The last several decades have seen a significant shift in the healthcare world. Clinical and financial systems are switching from paper to electronic, and hospitals that can’t keep up could be missing out on massive record-keeping advantages. A successful EHR conversion is achievable with a dedicated plan and resources.
What is an EHR?
An EHR, or electronic health record, is a comprehensive digital version of a patient’s records. A crucial development for healthcare providers over the last sixty years, they help practitioners better track patients’ health data. EHRs allow for better analysis, diagnosis, and treatment of patients, making them an integral part of a modern healthcare organization.
EMRs vs. EHRs
Before we list some steps that a hospital can take to prepare for a successful EHR conversion, it is essential to note that EHRs and EMRs (electronic medical records) are different. Imagine a patient in an old hospital. At the foot of their bed is a clipboard that doctors and nurses take notes on. These notes include their medication, what doctor is assigned, the dates of different procedures, and more. That clipboard stays at that hospital. If the patient returns five years later, the hospital can go into their records and find their old information, using it to diagnose and treat them more effectively. An EMR is akin to that clipboard, but instead of a paper record, it is a digital record. An EMR has all of a patient’s information from their visits to that doctor or hospital; however, it is almost exclusively in-house. It doesn’t get shared with other healthcare organizations that they may visit but stays solely with that hospital. If the patient goes to another medical organization, they will not have access to that EMR.
What you get from an EHR vendor is much more comprehensive and holistic. It is shared across almost any health-related medical practice the patient may visit. It includes all legacy data as it tracks every medical procedure, appointment, medication, or illness a patient has. Its data is not just from hospitals but is from across any healthcare organization. This all-inclusive patient record makes it easier for clinicians to diagnose and administer treatment. It also is vital for hospitals struggling to stay compliant with the various Medicare and Medicaid regulations. Because of this, more hospitals are converting to EHRs every single year.
Learn more about the differences between EMRs and EHRs here.
Where EHR Conversions Can Go Wrong
Whether your hospital is considering going paperless, going from an EMR to an EHR, or even upgrading from an old EHR to another new EHR system, there is a lot to consider, because the process can be complex. Things that hinder a successful conversion include:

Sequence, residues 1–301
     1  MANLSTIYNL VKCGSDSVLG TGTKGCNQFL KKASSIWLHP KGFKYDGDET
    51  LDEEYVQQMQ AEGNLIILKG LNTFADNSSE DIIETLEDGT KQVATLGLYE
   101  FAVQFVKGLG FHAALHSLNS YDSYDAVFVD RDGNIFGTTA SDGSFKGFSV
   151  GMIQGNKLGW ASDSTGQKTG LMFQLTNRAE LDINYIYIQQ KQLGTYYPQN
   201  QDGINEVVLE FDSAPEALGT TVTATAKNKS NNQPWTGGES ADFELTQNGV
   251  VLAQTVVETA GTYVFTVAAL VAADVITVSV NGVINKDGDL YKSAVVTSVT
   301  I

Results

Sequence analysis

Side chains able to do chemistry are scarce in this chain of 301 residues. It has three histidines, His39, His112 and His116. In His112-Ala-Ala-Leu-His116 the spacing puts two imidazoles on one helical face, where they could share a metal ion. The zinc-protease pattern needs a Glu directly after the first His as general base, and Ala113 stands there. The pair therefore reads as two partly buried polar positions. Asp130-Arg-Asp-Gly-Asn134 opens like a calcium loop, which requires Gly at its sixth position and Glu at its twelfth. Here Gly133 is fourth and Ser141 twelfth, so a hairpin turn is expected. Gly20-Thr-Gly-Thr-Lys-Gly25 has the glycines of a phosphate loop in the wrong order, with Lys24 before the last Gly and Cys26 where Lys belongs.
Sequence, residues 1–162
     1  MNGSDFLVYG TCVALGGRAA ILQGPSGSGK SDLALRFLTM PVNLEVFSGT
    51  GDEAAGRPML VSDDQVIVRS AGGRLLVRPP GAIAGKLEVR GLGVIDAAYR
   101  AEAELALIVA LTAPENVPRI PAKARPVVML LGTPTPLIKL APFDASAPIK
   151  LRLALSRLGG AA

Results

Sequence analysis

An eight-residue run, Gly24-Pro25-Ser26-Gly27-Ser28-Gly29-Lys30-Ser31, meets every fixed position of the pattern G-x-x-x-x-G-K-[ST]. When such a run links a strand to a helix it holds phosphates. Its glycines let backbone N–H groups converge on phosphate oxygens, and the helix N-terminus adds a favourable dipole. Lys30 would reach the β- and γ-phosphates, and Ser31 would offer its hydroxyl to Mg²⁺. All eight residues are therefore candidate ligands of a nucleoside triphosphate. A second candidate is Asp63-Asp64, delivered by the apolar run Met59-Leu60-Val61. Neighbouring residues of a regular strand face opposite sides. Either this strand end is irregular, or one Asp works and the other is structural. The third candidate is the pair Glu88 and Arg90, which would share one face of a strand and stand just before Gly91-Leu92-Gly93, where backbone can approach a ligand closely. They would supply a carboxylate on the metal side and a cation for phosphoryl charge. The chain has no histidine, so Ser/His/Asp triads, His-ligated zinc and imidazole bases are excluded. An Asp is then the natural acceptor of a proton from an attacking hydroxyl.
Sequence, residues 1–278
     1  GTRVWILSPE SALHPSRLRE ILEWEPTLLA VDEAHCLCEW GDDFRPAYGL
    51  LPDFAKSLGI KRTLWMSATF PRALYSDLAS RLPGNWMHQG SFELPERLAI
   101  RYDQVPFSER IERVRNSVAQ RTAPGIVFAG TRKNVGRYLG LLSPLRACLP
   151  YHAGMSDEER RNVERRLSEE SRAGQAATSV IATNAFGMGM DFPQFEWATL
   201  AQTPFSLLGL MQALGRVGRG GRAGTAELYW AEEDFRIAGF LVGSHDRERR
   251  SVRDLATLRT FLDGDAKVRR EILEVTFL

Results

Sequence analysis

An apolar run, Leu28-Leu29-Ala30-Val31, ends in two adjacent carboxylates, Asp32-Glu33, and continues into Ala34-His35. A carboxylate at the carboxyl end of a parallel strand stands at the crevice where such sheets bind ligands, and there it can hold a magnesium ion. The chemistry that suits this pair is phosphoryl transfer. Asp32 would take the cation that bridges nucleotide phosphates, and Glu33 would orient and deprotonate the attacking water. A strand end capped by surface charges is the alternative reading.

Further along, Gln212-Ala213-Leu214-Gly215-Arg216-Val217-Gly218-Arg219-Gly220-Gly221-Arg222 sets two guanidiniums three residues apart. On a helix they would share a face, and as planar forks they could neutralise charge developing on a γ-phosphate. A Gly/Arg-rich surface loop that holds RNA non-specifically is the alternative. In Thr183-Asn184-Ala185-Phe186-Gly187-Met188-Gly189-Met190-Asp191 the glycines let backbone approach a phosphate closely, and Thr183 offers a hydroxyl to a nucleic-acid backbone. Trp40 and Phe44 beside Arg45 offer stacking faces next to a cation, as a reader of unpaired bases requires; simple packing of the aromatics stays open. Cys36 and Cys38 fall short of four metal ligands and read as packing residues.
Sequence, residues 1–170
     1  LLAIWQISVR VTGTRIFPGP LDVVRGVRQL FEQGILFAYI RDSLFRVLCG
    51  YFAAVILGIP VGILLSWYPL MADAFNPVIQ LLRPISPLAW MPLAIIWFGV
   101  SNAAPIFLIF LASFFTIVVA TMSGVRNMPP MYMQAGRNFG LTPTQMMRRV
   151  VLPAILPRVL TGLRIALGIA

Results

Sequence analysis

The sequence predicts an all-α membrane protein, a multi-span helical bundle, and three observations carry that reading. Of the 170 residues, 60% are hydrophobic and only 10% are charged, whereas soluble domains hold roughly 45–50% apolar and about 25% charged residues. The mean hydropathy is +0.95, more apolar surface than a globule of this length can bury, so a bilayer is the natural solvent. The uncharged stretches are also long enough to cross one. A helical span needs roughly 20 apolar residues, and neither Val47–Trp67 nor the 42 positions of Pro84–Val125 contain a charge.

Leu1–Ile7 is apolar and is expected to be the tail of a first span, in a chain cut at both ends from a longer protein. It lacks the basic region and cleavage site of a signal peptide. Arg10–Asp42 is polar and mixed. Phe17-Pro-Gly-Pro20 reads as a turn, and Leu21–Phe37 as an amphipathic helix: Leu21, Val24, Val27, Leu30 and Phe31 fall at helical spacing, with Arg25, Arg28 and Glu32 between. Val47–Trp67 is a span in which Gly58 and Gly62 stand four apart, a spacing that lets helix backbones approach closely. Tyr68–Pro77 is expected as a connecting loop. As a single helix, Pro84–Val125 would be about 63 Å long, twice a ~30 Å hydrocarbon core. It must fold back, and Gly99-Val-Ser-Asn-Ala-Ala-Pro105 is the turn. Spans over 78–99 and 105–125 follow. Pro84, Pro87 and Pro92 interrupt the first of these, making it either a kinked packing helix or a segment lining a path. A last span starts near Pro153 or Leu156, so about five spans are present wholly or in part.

- Failure to integrate with current hospital systems
- Non-compliance with Medicare/Medicaid regulations
- Lack of personnel who understand the new system
- Security failure
- EHR data gaps
- Billing office miscommunication
- Lack of pricing transparency
- Inability to include legacy data
- Failure to have a functional workflow during the integration process
- Losing HIPAA compliance during the migration process
Mistakes like these can cost healthcare providers millions in revenue every single year, affecting your bottom line and preventing you from doing your job of providing invaluable care to your communities.
8 Steps to a Succesful EHR Conversion
Implementation can be a month-long process – reconciling old paper records and legacy data takes time. Even after the new EHR is online, there will almost assuredly be missing data, resulting in missed charges and lost revenue. Without outside help, your bottom line will go down. Here are eight steps for a successful EHR conversion.
1. Build a Team
The first step to prepping for an EHR conversion is building an in-house team. This team should know your healthcare system inside and out, with an understanding of finances, clinical data, billing. They should also have some experience in implementing new systems in your hospital. All areas of a hospital will be affected, but your IT department, your finance department, and your billing department will bear much of the responsibility, so the conversion team should pull heavily from those departments. They will have to work closely with their physicians to ensure that every treatment, medication, doctor, and nurse is represented correctly in the new EHR. This means individually spending hours every day focused on the conversion, instead of their regular work in finance, billing, or IT.
2. Organize Your Data
The team’s first job is gathering and organizing current data. This means examining what records system your healthcare organization currently uses. If you are already live with an EHR system, and you’re updating to a modern one, this shouldn’t take too long because the data already exists in an EHR format, albeit slightly dated. If you’re converting from paper or an EMR system, this part of the conversion process alone could take months. EMRs are digital like EHRs, however, they don’t include all the data that the more comprehensive EHRs require.
3. Build a Plan
After the arduous challenge of tracking down and organizing the data, it’s time to build a plan of attack. No two healthcare organizations are the same, so every implementation plan should also be individualized. Self-analysis will be essential, and to help you understand your hospital record system, ask yourself questions like: